0
\$\begingroup\$

I'm just wondering Is there any ways I could simplify the following code without making it too difficult:

Actually I want to extract specific year data from content node based on lastNumberOfYears variable.

Example: Content array has 2019,2018,2017,2016 years data and lastNumberOfYears value is 2 then output should have only 2019, 2018 data. other scenario is if content array is like 2020, 2014, 2013 then output should have 2020, 2014 data (if lastNumberOfYears value is 2)

My solution

Step 1 : Define predefined data

const content = [{
    "document": "/content/path/document1.pdf",
    "date": "2020-02-20"
  }, {
    "document": "/content/path/file.docx",
    "date": "2019-02-20"
  }, {
    "document": "/content/abc/document2.docx",
    "date": "2018-06-20"
  }, {
    "document": "/document/order/order.pdf",
    "date": "2020-06-20"
  }, {
    "document": "/content/order/update.pdf",
    "date": "2018-03-21"
  }, {
    "document": "/content/author/author.pdf",
    "date": "2017-03-21"
  }, {
    "document": "/content/path/dummy.pdf",
    "date": "2016-02-15"
  }, {
    "document": "/content/dummy/dummy.docx",
    "date": "2015-12-15"
}];

let lastNumberOfYears = 2;
let selectedYearArray = [];

Step 2: Convert content data into year base data

const result = content.reduce((current, value) => {
  const dateYear = new Date(value.date).getFullYear();
  current[dateYear] = current[dateYear] || [];
  current[dateYear].push(value);
  return current;
}, {});

/*
output is like
{
   "2015":[{...}],"2016":[{}],..."2020":[{}, {}]
}
*/

Step 3: Put specific year data in same order for result array

Object.values(result).forEach(value => value.reverse());

Step 4: Create Year array from object key

const yearsArray = Object.keys(result).sort((first, second) => (first > second ? -1 : 1));

Step 5: Create last number of year array using lastNumberOfYears variable Step 6: Extract Step 5 data from result array define in step 3 Step 7: Remove year key and join all array value of Step 6 outcome

if (yearsArray.length !== 0 && lastNumberOfYears <= yearsArray.length) {
  for (let i = 0; i < lastNumberOfYears; i++) {
    selectedYearArray.push(yearsArray[i]);
  }

  /*
    Step 5: console.log(selectedYearArray);
  */

  const filteredResult = Object.keys(result)
    .filter(key => selectedYearArray.includes(key))
    .reduce((obj, key) => {
      obj[key] = result[key];
      return obj;
    }, {});

  /*
    Step 6: console.log(filteredResult);
  */

  contentObj = [].concat.apply([],Object.values(filteredResult));

  /*
    Step 7:
  */
  console.log(contentObj.reverse());
}

Output:

[{
    "document": "/content/path/document1.pdf",
    "date": "2020-02-20"
}, {
    "document": "/document/order/order.pdf",
    "date": "2020-06-20"
}, {
    "document": "/content/path/file.docx",
    "date": "2019-02-20"
}]
\$\endgroup\$
7
  • \$\begingroup\$ This is working code but time complexity is bit high so want to know how to improve time complexity. \$\endgroup\$ Feb 28, 2020 at 19:15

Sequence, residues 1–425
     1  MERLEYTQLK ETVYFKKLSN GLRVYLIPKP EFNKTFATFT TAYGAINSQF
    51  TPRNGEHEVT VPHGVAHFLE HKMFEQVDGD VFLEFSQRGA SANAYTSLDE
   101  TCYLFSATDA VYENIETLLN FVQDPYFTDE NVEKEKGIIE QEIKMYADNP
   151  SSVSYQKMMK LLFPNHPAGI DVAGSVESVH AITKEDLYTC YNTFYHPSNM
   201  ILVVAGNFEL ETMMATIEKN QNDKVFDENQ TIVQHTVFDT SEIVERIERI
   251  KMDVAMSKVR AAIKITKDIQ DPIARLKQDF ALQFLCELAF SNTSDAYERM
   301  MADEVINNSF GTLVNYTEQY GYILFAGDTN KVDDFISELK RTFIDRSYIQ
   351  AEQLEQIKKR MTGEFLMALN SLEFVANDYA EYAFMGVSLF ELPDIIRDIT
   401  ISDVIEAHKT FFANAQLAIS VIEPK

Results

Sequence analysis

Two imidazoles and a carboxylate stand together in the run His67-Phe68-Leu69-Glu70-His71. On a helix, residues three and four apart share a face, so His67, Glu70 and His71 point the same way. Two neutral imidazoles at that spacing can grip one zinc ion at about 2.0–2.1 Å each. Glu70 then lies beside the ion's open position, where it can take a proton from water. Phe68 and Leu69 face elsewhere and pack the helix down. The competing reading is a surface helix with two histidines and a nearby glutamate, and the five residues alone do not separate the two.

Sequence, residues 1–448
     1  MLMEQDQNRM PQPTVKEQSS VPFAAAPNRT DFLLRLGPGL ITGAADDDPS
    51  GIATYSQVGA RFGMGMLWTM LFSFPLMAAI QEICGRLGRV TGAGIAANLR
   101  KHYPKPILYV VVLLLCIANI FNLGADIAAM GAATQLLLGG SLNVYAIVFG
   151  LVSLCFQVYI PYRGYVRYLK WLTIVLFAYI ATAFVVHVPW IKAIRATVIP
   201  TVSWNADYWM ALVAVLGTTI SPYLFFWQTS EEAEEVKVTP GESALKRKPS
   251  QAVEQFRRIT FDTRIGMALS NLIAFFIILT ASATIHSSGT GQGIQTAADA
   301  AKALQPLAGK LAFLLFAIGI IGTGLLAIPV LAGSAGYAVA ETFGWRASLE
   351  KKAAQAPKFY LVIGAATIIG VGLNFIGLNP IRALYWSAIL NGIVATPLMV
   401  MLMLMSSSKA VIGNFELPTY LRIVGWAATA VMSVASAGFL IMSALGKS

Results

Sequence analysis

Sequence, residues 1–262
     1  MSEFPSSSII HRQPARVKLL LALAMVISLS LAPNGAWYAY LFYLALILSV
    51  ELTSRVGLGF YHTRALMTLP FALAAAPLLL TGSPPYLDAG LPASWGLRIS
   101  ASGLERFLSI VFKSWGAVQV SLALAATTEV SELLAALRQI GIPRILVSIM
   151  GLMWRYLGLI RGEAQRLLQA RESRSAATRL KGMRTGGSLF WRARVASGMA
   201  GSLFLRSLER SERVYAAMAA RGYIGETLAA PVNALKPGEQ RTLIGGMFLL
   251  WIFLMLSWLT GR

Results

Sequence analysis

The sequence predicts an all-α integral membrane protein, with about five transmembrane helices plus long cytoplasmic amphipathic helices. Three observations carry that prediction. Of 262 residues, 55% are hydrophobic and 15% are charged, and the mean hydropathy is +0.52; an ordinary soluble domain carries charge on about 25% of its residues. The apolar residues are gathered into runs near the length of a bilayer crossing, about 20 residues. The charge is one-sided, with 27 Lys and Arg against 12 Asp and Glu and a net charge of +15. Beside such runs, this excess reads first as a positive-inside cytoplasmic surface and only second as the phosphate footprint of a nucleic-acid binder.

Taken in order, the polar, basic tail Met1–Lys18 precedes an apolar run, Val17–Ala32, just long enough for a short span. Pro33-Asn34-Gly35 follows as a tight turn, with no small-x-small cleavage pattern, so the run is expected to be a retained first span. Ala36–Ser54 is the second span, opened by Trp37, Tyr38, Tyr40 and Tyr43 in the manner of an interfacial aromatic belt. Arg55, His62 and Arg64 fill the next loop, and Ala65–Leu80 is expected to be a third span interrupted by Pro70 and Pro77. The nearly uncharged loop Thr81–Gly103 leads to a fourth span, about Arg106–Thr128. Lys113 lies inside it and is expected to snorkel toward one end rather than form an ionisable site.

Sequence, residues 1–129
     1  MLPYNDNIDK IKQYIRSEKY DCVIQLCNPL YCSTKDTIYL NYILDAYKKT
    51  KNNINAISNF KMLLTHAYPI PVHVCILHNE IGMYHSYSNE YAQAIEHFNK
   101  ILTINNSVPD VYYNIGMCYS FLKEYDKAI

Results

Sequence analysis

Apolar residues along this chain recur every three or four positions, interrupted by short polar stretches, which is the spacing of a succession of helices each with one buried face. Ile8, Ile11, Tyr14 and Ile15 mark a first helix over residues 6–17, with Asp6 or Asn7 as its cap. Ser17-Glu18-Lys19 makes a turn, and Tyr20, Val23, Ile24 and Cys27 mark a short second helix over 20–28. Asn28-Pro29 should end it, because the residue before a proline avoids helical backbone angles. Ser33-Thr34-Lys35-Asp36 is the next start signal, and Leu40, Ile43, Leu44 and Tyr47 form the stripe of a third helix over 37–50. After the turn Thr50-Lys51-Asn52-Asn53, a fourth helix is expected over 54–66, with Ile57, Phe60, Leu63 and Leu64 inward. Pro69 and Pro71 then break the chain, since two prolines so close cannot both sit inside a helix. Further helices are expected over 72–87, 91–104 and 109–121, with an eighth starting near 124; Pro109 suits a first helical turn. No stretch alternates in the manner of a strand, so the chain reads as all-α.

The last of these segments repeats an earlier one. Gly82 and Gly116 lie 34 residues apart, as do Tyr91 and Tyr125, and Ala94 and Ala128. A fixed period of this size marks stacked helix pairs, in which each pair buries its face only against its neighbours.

• \$\begingroup\$ What is your criteria for improvement? Just execution time for a given set of data? My first thought would be use a Map object with year as the index and retain that Map so you can easily look up any items by year from then on. \$\endgroup\$
    – jfriend00
    Feb 28, 2020 at 19:19
  • \$\begingroup\$ Actually I want to do it in single step like single filter function involve not too much steps like here total 6-7 steps involve. \$\endgroup\$ Feb 28, 2020 at 19:27
  • 1
    \$\begingroup\$ I can't really tell what your criteria is for evaluating what is "better"? You mention reducing steps? You mention time complexity? You mention simplifying? I'd say you need to state an objective criteria and focus the post on that specific criteria. \$\endgroup\$
    – jfriend00
    Feb 28, 2020 at 19:31
  • \$\begingroup\$ my criteria is time complexity and performance. \$\endgroup\$ Feb 28, 2020 at 19:32

1 Answer 1

3
\$\begingroup\$

Here's a scheme that appears to be about 7 times faster that yours when run in node.js:

function getData2(content, lastNumberOfYears) {
    // organize data by year into a Map object
    const map = new Map()
    for (let item of content) {
        const year = new Date(item.date).getFullYear();
        let yearData = map.get(year);
        if (yearData) {
            yearData.push(item);
        } else {
            map.set(year, [item]);
        }
    }

    /* map object data looks like this:
        Map {
          2020 => [
            { document: '/content/path/document1.pdf', date: '2020-02-20' },
            { document: '/document/order/order.pdf', date: '2020-06-20' }
          ],
          2019 => [ { document: '/content/path/file.docx', date: '2019-02-20' } ],
          2018 => [
            { document: '/content/abc/document2.docx', date: '2018-06-20' },
            { document: '/content/order/update.pdf', date: '2018-03-21' }
          ],
          2017 => [ { document: '/content/author/author.pdf', date: '2017-03-21' } ],
          2016 => [ { document: '/content/path/dummy.pdf', date: '2016-02-15' } ],
          2015 => [ { document: '/content/dummy/dummy.docx', date: '2015-12-15' } ]